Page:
Gagosian is pleased to present a group exhibition featuring over seventy drawings by some of the preeminent artists of the last century. Drawing has always figured prominently in art making, often serving as the study or sketch for a final painting or sculpture. However, as the twentieth century saw a focus on artistic process, so drawing came to often serve as the finished product, with its technique and materials intrinsic to the artist’s project.
Dating from 1906 (with a Pablo Picasso nude in pastel) to the present, and executed in a range of scales and media, the featured works highlight the numerous stylistic impulses manifest in drawing during the last one hundred years. Included are Arshile Gorky’s chalk and ink Study for Nightime, Enigma, Nostalgia (1931–32), a dreamlike musing inspired by Surrealism, as well as Willem de Kooning’s boldly expressive pencil drawings related to his renowned Women paintings from the 1950s. Also exhibited are several of Andy Warhol’s early drawn portraits, such as Woman (1962), which reveal traces of the graphic style that would figure prominently in the artist’s iconic Pop works. More contemporary examples on view are Richard Serra’s paintstick line drawings, a drawing collage by Jeff Koons, and large-scale new pastels by Francesco Clemente. Recent works by Georg Baselitz, Cecily Brown, Jenny Saville, and Cy Twombly—artists whose work is rarely seen in London—will also be featured.
Artists include: Richard Artschwager, Georg Baselitz, Jean-Michel Basquiat, Joseph Beuys, Alighiero Boetti, Cecily Brown, Francesco Clemente, Michael Craig-Martin, Willem de Kooning, Walter De Maria, Ellen Gallagher, Douglas Gordon, Arshile Gorky, Richard Hamilton, Damien Hirst, Howard Hodgkin, Jasper Johns, Anselm Kiefer, Jeff Koons, Roy Lichtenstein, Pablo Picasso, Jackson Pollock, Ed Ruscha, Jenny Saville, Richard Serra, David Smith, Frank Stella, Mark Tansey, Robert Therrien, Wayne Thiebaud, Cy Twombly, Andy Warhol, Franz West, Rachel Whiteread, Richard Wright, among others.
Georg Baselitz and Richard Calvocoressi
In conjunction with the exhibition The Painter in His Bed, at Gagosian, New York, Georg Baselitz and Richard Calvocoressi discuss the motif of the stag in the artist’s newest paintings.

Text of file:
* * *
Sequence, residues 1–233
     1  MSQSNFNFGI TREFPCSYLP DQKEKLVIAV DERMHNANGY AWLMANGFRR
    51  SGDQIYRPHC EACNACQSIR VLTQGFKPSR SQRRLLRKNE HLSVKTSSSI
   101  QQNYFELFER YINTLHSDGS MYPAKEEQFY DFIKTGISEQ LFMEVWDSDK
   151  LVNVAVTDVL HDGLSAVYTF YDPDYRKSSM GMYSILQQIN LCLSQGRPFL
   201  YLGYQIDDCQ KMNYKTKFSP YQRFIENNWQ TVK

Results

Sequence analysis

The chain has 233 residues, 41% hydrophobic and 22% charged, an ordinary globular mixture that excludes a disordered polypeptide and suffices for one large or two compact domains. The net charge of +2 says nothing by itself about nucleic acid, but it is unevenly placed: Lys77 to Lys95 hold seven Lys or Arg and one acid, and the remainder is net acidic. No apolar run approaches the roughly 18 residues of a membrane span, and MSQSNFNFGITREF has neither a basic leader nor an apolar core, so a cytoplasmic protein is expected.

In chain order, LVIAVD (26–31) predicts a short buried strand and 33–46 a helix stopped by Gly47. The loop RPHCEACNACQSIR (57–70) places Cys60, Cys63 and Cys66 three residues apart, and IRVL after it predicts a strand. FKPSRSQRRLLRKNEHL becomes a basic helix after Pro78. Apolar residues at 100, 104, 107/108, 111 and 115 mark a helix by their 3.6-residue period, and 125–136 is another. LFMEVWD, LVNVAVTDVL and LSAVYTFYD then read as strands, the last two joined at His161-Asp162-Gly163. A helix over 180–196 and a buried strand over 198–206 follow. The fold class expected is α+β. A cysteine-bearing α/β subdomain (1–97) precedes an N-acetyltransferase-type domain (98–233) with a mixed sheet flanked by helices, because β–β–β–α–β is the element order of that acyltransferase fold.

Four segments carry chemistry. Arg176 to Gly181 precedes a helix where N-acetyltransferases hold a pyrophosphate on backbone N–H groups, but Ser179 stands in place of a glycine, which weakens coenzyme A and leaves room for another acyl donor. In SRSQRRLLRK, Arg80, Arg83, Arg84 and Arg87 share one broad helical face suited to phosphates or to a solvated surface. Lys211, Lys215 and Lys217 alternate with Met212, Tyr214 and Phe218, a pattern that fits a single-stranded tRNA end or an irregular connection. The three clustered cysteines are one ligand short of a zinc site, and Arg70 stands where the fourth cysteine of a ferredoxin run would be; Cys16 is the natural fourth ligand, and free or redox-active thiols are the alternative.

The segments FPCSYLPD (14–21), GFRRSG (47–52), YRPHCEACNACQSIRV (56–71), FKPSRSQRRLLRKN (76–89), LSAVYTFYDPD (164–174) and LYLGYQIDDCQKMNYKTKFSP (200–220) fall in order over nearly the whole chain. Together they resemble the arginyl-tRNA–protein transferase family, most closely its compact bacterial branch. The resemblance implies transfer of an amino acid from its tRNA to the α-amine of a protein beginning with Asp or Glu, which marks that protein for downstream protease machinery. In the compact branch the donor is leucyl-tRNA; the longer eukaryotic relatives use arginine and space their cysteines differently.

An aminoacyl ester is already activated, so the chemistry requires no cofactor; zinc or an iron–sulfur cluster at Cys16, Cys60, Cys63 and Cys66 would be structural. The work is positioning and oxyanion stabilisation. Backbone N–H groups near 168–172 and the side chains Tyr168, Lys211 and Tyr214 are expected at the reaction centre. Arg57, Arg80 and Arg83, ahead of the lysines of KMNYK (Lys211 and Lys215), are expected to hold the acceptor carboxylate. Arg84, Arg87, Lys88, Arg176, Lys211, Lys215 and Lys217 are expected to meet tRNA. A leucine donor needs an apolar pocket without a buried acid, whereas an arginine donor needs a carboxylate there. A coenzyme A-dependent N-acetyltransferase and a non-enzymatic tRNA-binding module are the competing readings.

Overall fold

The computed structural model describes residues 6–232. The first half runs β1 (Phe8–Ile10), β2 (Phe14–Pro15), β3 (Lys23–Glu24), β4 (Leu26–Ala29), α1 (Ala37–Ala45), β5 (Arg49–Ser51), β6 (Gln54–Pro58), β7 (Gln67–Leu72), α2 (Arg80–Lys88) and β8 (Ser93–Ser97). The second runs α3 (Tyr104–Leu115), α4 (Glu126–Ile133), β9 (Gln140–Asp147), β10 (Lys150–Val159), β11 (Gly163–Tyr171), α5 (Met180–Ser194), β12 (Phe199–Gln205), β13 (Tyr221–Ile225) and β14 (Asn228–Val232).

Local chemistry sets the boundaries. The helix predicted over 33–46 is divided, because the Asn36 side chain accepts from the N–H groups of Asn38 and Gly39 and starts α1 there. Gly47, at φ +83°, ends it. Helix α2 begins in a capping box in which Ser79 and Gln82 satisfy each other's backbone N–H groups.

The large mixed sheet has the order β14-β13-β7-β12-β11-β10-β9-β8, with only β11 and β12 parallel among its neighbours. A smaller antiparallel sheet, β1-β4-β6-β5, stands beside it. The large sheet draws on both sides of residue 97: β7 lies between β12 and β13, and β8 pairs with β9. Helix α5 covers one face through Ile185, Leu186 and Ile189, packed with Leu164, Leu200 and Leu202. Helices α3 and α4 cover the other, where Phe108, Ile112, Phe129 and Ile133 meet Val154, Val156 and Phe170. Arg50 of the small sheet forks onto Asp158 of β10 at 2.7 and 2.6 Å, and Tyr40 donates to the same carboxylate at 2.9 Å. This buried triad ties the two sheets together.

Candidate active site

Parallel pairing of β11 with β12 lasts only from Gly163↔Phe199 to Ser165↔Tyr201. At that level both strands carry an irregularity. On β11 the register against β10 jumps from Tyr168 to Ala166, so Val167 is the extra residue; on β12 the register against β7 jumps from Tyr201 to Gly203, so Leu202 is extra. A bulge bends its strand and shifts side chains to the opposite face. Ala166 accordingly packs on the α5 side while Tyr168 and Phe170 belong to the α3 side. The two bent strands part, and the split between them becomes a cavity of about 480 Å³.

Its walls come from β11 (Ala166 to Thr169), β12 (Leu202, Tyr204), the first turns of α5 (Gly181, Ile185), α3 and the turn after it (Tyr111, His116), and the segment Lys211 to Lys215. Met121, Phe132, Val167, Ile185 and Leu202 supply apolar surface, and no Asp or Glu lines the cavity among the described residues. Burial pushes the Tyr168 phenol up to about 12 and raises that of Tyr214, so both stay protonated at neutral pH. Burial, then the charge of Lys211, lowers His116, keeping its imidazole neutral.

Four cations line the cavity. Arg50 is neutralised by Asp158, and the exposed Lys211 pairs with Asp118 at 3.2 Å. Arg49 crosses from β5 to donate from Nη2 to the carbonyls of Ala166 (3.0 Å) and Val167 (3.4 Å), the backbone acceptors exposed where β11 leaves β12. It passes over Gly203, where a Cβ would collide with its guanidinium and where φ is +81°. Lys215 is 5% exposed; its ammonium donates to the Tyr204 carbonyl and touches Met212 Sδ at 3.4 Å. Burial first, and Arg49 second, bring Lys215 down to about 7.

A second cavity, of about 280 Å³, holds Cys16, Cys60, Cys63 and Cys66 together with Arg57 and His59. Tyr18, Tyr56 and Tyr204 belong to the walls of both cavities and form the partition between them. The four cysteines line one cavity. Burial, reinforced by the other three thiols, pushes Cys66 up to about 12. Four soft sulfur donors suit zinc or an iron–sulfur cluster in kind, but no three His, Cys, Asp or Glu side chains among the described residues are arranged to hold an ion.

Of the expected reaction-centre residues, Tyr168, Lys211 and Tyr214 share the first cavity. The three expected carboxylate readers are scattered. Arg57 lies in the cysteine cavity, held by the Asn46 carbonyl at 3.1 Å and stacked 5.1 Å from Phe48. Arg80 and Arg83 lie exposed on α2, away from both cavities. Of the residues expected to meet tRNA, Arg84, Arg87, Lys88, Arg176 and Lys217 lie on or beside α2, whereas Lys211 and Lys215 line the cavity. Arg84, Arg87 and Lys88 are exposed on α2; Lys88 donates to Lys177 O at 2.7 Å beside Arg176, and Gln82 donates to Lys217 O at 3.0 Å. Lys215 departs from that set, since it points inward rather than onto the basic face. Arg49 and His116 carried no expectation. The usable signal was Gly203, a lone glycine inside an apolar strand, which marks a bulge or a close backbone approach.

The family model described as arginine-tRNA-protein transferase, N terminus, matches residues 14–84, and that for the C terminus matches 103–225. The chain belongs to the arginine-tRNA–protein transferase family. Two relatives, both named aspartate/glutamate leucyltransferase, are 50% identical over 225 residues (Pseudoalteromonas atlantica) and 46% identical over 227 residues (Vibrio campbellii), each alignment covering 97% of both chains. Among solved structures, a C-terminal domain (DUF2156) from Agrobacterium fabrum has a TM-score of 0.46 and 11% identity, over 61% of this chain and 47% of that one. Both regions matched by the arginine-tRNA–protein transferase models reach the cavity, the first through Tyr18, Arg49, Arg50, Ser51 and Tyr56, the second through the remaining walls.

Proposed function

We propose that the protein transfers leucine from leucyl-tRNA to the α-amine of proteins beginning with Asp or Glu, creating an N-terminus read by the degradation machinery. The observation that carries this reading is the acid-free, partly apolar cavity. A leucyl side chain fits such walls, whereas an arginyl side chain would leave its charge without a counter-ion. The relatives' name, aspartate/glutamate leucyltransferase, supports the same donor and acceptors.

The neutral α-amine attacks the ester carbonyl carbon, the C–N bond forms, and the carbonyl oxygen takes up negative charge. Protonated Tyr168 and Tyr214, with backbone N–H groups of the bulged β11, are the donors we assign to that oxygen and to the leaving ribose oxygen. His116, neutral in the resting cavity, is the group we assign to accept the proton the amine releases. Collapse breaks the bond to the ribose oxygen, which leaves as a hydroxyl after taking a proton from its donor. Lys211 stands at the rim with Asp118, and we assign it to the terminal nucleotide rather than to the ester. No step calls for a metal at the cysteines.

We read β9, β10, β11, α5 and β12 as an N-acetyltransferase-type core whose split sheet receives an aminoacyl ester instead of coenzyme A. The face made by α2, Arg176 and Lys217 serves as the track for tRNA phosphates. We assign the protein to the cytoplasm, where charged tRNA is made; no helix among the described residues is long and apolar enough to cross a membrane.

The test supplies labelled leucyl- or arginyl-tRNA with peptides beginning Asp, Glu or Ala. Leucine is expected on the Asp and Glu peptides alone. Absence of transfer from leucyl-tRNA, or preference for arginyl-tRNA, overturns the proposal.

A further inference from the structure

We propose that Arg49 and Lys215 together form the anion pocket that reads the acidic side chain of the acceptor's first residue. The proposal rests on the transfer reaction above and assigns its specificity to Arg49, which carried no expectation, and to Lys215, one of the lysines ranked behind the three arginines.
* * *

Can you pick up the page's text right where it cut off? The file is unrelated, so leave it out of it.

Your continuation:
Jerome Rothenberg and Charles Bernstein
Gagosian and Beyond Baroque Literary | Arts Center hosted a conversation between poets Jerome Rothenberg and Charles Bernstein inside Anselm Kiefer’s exhibition Exodus at Gagosian at Marciano Art Foundation, Los Angeles. Rothenberg and Bernstein explored some of the themes that occupy Kiefer—Jewish mysticism, the poetry of Paul Celan, and the formulation of a global poetics in response to the Holocaust—in a discussion and readings of their poetry.
A Foreigner Called Picasso
Cocurator of the exhibition A Foreigner Called Picasso, at Gagosian, New York, Annie Cohen-Solal writes about the genesis of the project, her commitment to the figure of the outsider, and Picasso’s enduring relevance to matters geopolitical and sociological.
Oscar Murillo and Ben Luke on Franz West
In conjunction with Franz West: Papier, the gallery’s presentation of paper-based works by Franz West at Frieze Masters 2023, artist Oscar Murillo and arts writer, critic, and broadcaster Ben Luke sit down to discuss Murillo’s collaboration in selecting the works on view, as well as his personal experiences meeting the late artist in London.
Irving Blum and Dorothy Lichtenstein
In celebration of the centenary of Roy Lichtenstein’s birth, Irving Blum and Dorothy Lichtenstein sat down to discuss the artist’s life and legacy, and the exhibition Lichtenstein Remembered curated by Blum at Gagosian, New York.
Douglas Gordon: if when why what
Douglas Gordon took over the Piccadilly Lights advertising screen in London’s Piccadilly Circus, as well as a global network of screens in cities including Berlin, Melbourne, Milan, New York, and Seoul, nightly for three minutes at 20:22 (8:22pm) throughout December 2022, with his new film, if when why what (2018–22). The project was presented by the Cultural Institute of Radical Contemporary Art (CIRCA) in conjunction with the exhibition Douglas Gordon: Neon Ark at Gagosian, Davies Street, London.